Andrew Justvig Defies Cerebral Palsy, Shows Anything Can Happen
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At the Y

Mr. Impossible

A photo of Andrew Justvig next to the ropes that pull the curtain for a BYU production.
Theatre arts major Andrew Justvig refuses to live life small as someone with cerebral palsy. Instead he’s delighting audiences and cracking jokes with anyone he meets. Photo by Bradley Slade.

BYU student H. Andrew Justvig (’18) lives by the motto “It’s kind of fun to do the impossible.” Though he was diagnosed with cerebral palsy (CP) at birth and doctors told his parents he would never talk, walk, or complete an education, Justvig began proving them wrong from a young age. When he was 4 years old, his grandparents promised him a Disney movie if he could take a few steps. The bribes kept coming until Justvig had earned 100 movies. “With Andrew, we don’t say, ‘You can’t,’” says his mom, Stacey. “If he sets his mind to something, he’s going to do it.”

Now at BYU, Justvig whizzes around campus in his motorized wheelchair—it’s faster than his walking—with a grin on his face and a Mickey Mouse messenger bag on his lap. The senior majoring in theatre arts packs his schedule, attending play rehearsals, working on the umpteenth draft of his full-length play about a man with CP, and performing in stand-up comedy shows—all while carrying a full class load.

In 2015 Justvig received a commendation for achievement in performance from the Kennedy Center American College Theatre Festival in Washington D.C. for his acting in BYU’s production of Our Town. The show garnered the most awards a BYU production has ever received at the festival. “When I take to a stage or am in front of a group,” Justvig says, “I feel like I don’t have CP.” Fortunately, he adds, “I have never been shy.”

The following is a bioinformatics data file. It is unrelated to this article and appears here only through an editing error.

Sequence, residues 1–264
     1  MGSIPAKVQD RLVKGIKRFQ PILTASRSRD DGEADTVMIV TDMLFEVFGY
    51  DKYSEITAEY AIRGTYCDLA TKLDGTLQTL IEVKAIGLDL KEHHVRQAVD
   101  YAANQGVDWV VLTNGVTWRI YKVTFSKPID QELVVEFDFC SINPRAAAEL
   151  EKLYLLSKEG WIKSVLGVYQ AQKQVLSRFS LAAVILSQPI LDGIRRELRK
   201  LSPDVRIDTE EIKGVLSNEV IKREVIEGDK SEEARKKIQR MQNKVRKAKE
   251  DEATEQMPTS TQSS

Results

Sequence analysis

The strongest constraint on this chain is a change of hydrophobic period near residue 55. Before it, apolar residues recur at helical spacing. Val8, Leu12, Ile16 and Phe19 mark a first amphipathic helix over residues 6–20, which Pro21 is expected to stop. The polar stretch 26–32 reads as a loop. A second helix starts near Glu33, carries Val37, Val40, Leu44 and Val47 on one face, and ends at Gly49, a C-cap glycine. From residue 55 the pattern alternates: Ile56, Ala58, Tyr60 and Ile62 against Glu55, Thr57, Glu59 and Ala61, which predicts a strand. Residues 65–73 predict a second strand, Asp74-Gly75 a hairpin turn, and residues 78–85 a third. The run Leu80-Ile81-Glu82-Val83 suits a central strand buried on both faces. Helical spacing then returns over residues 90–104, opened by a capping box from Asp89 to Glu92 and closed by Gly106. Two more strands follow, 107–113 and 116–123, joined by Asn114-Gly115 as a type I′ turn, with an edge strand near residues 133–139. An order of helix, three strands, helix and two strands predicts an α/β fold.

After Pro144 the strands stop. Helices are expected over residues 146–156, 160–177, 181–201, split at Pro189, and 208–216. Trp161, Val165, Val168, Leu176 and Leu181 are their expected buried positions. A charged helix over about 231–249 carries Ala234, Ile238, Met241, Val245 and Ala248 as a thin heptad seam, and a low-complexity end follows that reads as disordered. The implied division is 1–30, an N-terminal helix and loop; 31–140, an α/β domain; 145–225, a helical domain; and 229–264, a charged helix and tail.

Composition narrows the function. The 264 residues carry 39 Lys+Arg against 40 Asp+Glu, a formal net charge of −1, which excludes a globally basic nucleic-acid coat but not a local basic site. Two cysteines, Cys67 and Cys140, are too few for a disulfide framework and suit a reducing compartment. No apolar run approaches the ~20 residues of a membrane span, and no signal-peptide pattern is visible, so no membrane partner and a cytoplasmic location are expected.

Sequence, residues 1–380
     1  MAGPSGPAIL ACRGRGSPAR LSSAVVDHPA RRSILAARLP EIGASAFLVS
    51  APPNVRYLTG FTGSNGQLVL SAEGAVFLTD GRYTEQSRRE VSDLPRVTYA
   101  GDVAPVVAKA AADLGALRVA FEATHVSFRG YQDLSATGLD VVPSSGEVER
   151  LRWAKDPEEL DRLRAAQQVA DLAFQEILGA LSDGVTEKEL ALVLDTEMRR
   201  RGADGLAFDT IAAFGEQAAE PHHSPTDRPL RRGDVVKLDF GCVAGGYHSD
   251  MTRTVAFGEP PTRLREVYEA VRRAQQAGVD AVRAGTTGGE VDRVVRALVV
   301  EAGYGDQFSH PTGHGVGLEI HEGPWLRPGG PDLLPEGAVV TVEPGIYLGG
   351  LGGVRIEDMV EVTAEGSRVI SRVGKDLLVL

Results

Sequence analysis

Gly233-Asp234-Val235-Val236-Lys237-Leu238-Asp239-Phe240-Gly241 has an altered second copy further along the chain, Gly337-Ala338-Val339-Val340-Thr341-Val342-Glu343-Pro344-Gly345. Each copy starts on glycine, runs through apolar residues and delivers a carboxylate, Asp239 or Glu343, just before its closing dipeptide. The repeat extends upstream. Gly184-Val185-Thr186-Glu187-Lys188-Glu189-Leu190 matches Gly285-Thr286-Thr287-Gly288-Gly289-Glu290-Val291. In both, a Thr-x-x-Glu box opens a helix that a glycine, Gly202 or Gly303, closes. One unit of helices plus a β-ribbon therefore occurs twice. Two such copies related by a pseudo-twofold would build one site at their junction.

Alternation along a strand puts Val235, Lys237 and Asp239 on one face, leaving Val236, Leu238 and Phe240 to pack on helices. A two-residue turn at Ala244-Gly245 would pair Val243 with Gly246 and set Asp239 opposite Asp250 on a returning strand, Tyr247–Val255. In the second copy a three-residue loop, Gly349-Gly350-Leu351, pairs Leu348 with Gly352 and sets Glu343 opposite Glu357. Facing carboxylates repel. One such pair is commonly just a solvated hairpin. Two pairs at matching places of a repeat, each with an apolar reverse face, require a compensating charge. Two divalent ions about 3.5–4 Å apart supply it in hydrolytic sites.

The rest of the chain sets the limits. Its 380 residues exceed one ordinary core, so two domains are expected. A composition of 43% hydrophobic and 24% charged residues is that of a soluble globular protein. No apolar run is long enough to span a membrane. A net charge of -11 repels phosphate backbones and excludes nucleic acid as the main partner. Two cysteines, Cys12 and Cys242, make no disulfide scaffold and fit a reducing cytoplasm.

During stand-up comedy routines for on-campus club Humor U, for example, Justvig isn’t afraid to work CP into his routine. “If you can’t understand me, it’s because you don’t have the gift of tongues,” he joked at one show.

In school, Justvig works hard to avoid special treatment. Using a talent developed in elementary school, he succeeds by memorizing what teachers say, rather than taking notes. “Andrew won’t let you overlook him; he won’t let you cut him slack,” says theatre and media arts professor George D. Nelson (BA ’77), who has been Justvig’s acting and playwriting mentor at BYU. “I don’t cut him a bit of slack, and he rises to the occasion every time.”

His confidence also makes him a pro at making others feel comfortable. It took just one grocery-store interaction to meet and connect with Carrie Ostler Justvig (’18), whom he later married. From their first date, the couple spent all their free time together. “As soon as we started talking, it was so normal,” Carrie says. “It was just like this great friend I’d had forever.”

A few months later, Justvig proposed (watch below) with the help of a dozen castmates from BYU’s production of Mary Poppins and nearly a hundred friends and family members, who sang “Anything Can Happen If You Let It.” It’s the couple’s theme song of sorts as they both strive to inspire others to overcome the impossible. “[The song] has a lot of meaning to us because amazing things are happening to us,” says Carrie. “[Andrew] sees his whole life as a mission because everything he is able to do is because God has allowed him to do it.”